I've bemoaned in the past my lack of childhood super-hero wall stickers but, thankfully, stickers aren't the only things we can stick to our walls.
We can also stick posters to them.
The truth is that, somehow, despite my voracious comic-reading habits, as a child I only ever had two comics-related posters on my bedroom wall.
One was the one that came with Marvel UK's Planet of the Apes #1, and the other was the John Buscema poster that came with the first issue of The Titans. I'm proud to say I still have both those posters.
There were, however, another set of posters that always impressed me greatly.
And those were the six that frequently appeared on the back of Marvel UK's weekly comics in the early to mid-1970s. I can't remember ever seeing them advertised in the American comics and, therefore, what the story was behind them, I have no idea.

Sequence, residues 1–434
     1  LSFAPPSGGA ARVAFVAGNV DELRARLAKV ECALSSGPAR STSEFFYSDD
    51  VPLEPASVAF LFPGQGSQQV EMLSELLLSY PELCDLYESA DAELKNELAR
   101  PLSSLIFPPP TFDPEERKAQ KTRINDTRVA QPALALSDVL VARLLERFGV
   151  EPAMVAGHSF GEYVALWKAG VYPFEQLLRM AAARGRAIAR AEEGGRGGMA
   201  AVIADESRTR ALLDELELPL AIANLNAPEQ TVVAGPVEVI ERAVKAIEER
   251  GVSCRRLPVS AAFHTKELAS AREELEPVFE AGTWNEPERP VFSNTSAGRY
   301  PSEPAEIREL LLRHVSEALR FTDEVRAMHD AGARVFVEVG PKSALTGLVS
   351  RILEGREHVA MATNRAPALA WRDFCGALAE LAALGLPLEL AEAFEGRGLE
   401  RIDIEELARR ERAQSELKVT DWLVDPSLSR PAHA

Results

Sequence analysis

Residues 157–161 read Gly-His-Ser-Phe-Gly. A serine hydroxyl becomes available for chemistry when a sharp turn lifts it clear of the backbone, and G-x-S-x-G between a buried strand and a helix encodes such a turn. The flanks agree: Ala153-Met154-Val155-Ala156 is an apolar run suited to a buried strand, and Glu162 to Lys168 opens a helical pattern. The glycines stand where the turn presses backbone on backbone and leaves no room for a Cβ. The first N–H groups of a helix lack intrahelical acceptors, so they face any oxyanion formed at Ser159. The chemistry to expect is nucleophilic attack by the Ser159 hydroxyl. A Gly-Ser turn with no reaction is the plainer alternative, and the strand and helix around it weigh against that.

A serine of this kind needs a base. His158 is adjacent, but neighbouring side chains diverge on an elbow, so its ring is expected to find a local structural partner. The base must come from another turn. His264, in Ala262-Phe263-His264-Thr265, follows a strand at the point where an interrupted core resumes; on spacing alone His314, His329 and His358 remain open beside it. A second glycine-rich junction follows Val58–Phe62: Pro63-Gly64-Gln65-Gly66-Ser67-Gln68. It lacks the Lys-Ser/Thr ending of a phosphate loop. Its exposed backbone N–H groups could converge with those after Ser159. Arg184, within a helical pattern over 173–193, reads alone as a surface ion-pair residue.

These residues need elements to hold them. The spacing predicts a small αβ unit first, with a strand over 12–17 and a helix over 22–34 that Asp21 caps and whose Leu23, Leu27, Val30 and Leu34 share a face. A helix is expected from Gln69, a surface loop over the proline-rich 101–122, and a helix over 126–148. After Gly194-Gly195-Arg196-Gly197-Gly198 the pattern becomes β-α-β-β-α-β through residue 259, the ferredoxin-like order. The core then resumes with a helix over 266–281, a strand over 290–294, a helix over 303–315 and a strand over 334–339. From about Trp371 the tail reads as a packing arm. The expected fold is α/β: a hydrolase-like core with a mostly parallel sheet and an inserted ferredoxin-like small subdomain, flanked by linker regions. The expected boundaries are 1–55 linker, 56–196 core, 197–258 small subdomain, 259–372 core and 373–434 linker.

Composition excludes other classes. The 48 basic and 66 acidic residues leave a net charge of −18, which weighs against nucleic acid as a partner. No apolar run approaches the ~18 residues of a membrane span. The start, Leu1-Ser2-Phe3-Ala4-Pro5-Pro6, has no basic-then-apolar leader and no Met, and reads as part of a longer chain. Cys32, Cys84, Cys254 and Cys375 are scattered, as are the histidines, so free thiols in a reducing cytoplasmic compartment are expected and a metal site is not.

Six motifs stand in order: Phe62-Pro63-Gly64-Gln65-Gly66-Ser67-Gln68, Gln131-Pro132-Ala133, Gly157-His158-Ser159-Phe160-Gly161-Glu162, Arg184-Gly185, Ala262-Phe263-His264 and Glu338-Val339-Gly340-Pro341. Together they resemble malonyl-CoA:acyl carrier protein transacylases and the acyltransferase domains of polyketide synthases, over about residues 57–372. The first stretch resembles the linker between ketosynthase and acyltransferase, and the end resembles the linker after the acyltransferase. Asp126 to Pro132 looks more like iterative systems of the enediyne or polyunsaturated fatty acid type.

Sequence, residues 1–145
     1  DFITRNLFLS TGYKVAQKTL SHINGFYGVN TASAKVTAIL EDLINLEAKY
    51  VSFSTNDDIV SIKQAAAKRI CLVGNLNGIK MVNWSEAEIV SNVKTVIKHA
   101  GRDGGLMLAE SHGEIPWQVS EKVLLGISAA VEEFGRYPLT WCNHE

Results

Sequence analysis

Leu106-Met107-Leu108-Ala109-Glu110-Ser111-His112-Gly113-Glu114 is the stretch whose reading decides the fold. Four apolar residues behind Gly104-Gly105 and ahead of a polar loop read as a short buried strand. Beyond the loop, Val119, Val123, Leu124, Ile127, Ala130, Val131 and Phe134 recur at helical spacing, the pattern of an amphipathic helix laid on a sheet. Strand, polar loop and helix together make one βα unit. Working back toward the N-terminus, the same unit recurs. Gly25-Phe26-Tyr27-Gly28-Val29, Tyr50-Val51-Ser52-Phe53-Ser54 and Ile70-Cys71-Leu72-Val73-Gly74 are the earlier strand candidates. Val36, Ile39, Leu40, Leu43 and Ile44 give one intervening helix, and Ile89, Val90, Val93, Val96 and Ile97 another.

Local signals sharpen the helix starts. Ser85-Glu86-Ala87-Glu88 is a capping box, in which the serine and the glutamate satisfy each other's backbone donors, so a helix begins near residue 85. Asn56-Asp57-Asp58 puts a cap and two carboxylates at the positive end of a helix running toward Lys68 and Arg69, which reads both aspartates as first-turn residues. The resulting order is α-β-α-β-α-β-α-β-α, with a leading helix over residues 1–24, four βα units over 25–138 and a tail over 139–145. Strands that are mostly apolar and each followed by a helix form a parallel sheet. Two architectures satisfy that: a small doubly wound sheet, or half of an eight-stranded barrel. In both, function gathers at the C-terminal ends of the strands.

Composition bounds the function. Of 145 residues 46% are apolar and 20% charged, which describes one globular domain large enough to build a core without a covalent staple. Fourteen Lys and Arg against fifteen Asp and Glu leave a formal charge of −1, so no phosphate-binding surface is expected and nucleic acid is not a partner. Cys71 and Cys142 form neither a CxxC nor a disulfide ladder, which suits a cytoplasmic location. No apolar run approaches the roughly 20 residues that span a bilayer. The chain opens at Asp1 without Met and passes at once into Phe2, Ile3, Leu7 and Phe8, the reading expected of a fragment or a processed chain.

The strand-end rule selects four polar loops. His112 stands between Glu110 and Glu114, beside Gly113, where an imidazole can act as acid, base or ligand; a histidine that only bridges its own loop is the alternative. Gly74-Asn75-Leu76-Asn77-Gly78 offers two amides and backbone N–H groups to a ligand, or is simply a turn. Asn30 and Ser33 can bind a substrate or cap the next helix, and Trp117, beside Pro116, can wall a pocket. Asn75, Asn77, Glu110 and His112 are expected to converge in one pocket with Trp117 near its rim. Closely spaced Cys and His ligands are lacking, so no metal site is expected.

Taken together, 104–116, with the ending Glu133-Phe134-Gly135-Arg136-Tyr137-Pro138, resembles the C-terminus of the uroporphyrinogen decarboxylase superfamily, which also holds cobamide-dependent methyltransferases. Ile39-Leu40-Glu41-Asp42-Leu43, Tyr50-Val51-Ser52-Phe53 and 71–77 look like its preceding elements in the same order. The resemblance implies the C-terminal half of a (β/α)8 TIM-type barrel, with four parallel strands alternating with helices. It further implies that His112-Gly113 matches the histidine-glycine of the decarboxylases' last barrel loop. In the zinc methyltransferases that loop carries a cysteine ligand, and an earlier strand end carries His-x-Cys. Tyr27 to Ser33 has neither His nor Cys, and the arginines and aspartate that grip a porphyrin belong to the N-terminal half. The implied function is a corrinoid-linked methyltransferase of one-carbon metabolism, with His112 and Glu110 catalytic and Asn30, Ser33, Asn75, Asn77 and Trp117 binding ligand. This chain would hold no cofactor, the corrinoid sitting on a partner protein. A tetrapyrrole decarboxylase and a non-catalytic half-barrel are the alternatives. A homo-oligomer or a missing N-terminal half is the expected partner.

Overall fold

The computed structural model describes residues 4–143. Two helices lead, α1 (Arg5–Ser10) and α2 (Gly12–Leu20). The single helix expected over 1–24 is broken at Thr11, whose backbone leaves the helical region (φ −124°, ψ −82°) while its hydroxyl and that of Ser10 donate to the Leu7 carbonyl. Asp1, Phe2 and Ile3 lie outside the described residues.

All I know is they were things of beauty, with a level of anatomical accuracy not always found in super-hero figures, suggesting that real-life models may have been used.
Who painted them?
I don't know.
The Hulk's face has a touch of the John Romita about it. The Thor figure's lean build, and pose, looks to be in the Neal Adams envelope - although I'm not convinced the painting style is. The mad thing is that, despite their obvious desirability to any true lover of the radiation-affected, I never nagged my dad into buying them for me, even though we could have had the lot for a mere 90 pence.
Then again, for all I know, taking inflation into account, 90 pence could probably have bought you a semi-detached house in the middle of London back then.
Still, if I missed out on such treasures, at least I have my Titans and Planet of the Apes posters to keep me warm at night.
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